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Today in Energy

October 25, 2019

EPA refinery exemptions reduced renewable fuel blending requirements in 2018

Renewable fuel standard small refinery exemptions and volume mandates
Source: U.S. Energy Information Administration, based on U.S. Environmental Protection Agency's Moderated Transaction System

On August 9, 2019, the U.S. Environmental Protection Agency (EPA) announced that it had granted 31 Renewable Fuel Standard (RFS) Small Refinery Exemptions (SRE) for the 2018 compliance year, or 4 fewer than were approved for the 2017 compliance year. As of October 2019, two SRE applications were pending. The SRE waivers effectively reduced the amount of biofuel required to enter the nation’s fuel supply by exempting 7.4% of the total RFS renewable fuel volume mandate for the 2018 compliance year, or about 1.43 billion gallons. However, the total non-exempt volume of renewable fuel mandate in 2018 was 17.86 billion gallons, the highest since the RFS program began.

The RFS sets annual targets for the amount of renewable fuels required to enter into the U.S. fuel supply to increase biofuels use. Obligated parties—petroleum refiners and importers of motor gasoline and diesel—comply by either blending biofuels into petroleum-based fuels or by purchasing credits known as renewable identification numbers, or RINs.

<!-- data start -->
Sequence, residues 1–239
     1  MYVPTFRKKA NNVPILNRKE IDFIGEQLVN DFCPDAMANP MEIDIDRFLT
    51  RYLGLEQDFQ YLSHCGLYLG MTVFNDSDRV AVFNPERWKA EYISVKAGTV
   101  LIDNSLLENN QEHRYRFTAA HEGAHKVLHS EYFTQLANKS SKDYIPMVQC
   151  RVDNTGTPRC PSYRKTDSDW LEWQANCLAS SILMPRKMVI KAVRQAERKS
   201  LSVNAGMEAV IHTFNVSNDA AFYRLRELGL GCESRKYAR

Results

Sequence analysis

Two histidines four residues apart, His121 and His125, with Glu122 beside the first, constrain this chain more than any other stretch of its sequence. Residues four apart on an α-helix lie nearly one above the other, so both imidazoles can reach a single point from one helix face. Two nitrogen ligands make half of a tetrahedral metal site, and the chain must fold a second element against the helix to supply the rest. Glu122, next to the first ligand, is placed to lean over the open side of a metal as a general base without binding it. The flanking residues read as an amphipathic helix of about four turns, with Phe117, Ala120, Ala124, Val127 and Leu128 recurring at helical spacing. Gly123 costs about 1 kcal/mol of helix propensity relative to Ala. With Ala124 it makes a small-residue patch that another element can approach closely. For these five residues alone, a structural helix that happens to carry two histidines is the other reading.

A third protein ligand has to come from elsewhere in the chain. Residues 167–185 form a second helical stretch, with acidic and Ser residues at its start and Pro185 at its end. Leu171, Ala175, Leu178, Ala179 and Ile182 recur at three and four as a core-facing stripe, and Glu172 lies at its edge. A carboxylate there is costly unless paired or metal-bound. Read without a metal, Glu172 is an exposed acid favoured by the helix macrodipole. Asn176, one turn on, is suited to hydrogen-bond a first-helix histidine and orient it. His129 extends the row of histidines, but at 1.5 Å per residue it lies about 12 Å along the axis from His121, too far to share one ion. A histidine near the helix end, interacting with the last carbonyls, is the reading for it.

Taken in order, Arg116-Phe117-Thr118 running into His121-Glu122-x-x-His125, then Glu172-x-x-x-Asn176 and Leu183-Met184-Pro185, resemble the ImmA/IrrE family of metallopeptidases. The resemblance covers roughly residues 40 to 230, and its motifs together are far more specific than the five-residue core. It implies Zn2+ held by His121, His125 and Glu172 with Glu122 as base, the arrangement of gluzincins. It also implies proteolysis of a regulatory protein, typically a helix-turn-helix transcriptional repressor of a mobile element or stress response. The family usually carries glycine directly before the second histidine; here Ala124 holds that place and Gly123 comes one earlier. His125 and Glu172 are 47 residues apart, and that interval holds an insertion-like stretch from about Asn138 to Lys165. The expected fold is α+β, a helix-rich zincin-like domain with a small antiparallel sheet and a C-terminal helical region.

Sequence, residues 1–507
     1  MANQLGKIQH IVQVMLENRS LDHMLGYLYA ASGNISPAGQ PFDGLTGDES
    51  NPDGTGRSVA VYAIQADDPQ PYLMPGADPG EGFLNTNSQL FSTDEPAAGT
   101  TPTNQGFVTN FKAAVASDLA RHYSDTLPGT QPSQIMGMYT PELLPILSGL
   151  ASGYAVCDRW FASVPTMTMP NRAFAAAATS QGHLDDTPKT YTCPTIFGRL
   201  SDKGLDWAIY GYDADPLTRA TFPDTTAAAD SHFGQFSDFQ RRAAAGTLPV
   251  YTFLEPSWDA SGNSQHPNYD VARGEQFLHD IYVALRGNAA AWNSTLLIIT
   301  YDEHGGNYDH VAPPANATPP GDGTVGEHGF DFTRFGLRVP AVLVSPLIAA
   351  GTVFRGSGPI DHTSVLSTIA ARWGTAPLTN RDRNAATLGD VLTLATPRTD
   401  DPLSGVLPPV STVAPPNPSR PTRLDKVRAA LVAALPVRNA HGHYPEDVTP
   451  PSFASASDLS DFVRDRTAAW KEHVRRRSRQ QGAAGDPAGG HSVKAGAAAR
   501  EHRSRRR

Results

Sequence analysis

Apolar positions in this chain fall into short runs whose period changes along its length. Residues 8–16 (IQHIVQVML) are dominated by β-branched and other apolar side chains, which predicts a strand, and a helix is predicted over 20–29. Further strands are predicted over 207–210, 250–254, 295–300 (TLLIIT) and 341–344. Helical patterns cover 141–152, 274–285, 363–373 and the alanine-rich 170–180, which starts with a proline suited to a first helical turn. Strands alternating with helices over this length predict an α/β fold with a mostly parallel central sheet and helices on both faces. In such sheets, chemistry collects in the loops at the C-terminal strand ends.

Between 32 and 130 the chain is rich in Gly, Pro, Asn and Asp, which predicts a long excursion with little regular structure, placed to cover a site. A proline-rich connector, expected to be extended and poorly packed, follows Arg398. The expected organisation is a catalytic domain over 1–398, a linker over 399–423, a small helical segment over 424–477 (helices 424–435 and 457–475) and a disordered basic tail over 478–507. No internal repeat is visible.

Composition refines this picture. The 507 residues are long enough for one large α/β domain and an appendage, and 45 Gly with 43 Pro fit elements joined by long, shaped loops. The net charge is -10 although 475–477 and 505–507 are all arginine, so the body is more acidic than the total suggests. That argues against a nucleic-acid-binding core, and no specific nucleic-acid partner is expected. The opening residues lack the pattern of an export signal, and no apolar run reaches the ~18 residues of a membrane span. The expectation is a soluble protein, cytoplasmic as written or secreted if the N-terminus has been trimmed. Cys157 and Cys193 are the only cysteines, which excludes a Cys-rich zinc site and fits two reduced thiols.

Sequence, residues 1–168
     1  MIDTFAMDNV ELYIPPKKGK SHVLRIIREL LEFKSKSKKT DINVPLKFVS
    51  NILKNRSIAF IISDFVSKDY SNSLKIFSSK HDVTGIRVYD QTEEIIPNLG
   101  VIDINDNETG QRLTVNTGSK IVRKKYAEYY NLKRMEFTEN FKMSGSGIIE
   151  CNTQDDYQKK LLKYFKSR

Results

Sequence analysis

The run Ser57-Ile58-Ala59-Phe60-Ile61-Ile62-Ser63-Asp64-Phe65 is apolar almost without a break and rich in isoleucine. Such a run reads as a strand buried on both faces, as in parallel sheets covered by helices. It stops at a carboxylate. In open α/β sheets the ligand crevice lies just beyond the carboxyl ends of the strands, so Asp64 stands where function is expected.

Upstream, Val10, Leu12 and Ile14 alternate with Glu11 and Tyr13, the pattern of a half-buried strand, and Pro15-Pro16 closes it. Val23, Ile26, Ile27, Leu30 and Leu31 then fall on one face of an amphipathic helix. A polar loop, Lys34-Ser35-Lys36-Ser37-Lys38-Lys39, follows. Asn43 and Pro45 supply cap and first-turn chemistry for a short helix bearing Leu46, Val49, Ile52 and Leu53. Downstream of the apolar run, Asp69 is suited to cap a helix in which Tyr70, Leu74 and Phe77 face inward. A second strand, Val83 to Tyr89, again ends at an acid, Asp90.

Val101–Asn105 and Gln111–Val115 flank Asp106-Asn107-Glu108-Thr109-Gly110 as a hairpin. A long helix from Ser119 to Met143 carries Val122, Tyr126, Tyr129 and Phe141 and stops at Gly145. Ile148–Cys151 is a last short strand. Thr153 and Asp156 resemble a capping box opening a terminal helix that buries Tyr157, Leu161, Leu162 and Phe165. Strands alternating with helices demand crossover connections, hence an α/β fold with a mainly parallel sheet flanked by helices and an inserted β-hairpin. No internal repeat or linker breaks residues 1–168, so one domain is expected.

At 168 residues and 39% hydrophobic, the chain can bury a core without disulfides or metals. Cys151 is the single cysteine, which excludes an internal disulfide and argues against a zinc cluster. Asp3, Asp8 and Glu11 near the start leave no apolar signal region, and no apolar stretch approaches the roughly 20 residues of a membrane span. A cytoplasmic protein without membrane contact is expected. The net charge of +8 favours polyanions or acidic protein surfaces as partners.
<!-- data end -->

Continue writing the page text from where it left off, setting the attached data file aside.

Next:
Through 2010, Clean Air Act provisions exempted small petroleum refineries—defined as those with average crude oil inputs no greater than 75,000 barrels per day—from complying with the RFS. In the 2011 and 2012 compliance years, EPA extended these exemptions to 24 small refineries. Beginning in 2013, however, small refineries have had to annually petition EPA for individual exemptions. To receive an exemption, a refinery has to prove disproportionate economic hardship as defined by the Clean Air Act.

For compliance years 2013 through 2015, EPA approved fewer than 10 SRE petitions per year. Nearly as many exemption requests were denied in those years. EPA approved nearly 20 exemptions for the 2016 compliance year and approved more than 30 exemptions for the 2017 and 2018 compliance years combined. SRE waiver approvals have increased the number of carryover RINs that are available for use in subsequent compliance years.

For 2018, EPA set the total renewable fuel mandate at 19.29 billion gallons. The 31 SRE waivers equate to 1.43 billion ethanol-equivalent gallons, or 7.4% of the total renewable volume obligation (RVO) for the 2018 compliance year. In total, these waivers exempted about 13.4 billion gallons of gasoline and diesel from compliance with the RFS program.

Exemptions for small refineries are typically approved after a RFS compliance year ends. However, on October 15, 2019, EPA issued a supplemental notice of proposed rulemaking seeking comment on offsetting a portion of SRE waivers for the 2020 compliance year. In it, EPA outlined a plan to project the volume of exempt gasoline and diesel from SREs when setting annual renewable fuel percentage standards.

Selected renewable identification number (RIN) prices
Source: U.S. Energy Information Administration, based on IHS Markit.
Note: RIN prices vintage corresponds to calendar years.

Since late 2017, RIN prices have generally trended downward. Renewable fuel D6 RIN prices, which averaged about $0.75/gal in 2016 and 2017, have averaged about $0.30/gal in 2018 and less than $0.20/gal so far in 2019. Similarly, D4 RIN prices averaged nearly $1.00/gal in 2016 and 2017 before falling to an average of about $0.55/gal in 2018 and $0.45/gal so far in 2019.

Principal contributors: Steve Hanson, Sean Hill